push can be dangerous.


       The pull command will copy a task database from a URI to the local task
       database (~/.task by default).  The syntax is:

              task pull [<URI>]

       The  URI  is optional if the pull.default.uri configuration variable is
       set.  This command is useful for restoring a backup copy of  your  task

       Note  that your local task database files will be simply overwritten by
       the files obtained from the location specified by  the  URI,  so  don't
       expect any merging to occur.  Misused, pull can be dangerous.


       The  most  basic  URI  is a path name on the local machine.  An example
       would be:


       All the other URIs allow access to remote machines.  The first uses SSH
       and scp (either form can be used):


       In  both  cases  paths  are  considered to be absolute. You can specify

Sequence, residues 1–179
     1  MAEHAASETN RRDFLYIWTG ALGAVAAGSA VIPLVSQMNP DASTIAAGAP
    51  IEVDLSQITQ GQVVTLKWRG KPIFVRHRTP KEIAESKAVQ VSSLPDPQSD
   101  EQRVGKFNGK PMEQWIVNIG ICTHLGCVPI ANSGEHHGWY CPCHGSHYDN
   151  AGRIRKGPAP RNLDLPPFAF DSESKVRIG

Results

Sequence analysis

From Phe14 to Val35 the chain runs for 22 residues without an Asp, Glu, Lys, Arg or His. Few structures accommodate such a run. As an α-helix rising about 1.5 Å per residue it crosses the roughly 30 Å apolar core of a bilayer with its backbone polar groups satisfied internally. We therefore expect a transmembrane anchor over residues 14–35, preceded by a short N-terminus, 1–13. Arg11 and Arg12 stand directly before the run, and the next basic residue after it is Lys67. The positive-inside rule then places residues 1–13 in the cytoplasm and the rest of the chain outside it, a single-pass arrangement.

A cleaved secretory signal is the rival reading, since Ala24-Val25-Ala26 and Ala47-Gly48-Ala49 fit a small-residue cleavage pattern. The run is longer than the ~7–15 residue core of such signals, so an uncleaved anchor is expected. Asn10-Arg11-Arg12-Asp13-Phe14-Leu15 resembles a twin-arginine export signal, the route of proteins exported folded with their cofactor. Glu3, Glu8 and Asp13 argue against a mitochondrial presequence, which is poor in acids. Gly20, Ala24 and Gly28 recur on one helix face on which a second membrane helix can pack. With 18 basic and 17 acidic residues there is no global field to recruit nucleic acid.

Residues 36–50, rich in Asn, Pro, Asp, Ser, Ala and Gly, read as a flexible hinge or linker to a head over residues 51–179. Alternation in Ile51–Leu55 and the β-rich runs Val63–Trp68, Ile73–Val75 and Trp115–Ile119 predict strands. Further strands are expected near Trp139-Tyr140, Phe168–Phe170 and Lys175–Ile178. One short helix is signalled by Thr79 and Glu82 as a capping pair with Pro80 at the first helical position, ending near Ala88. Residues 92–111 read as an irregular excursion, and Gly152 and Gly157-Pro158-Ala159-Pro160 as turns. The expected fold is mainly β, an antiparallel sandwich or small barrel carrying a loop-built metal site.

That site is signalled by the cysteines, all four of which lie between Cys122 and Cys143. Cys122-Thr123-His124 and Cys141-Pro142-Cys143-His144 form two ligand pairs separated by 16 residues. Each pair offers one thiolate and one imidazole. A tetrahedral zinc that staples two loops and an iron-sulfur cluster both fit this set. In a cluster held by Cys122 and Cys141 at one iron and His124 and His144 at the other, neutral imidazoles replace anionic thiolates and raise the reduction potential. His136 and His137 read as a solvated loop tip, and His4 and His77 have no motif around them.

paths relative to the users home directory as follows:


       or even shorter


       Remark: Since taskwarrior simply calls the scp binary you  can  specify
       very much anything that scp would accept, e.g. host configurations from
       ~/.ssh/config or ~username expansion:


       Rsync is another supported protocol that minimizes network traffic,  by
       a clever algorithm that doesn't copy files that have not changed:


       Curl  supports  several  protocols  that  can transfer data using HTTP,
       HTTPS and FTP:


       You can use single  quotes  to  encapsulate  user  names  that  contain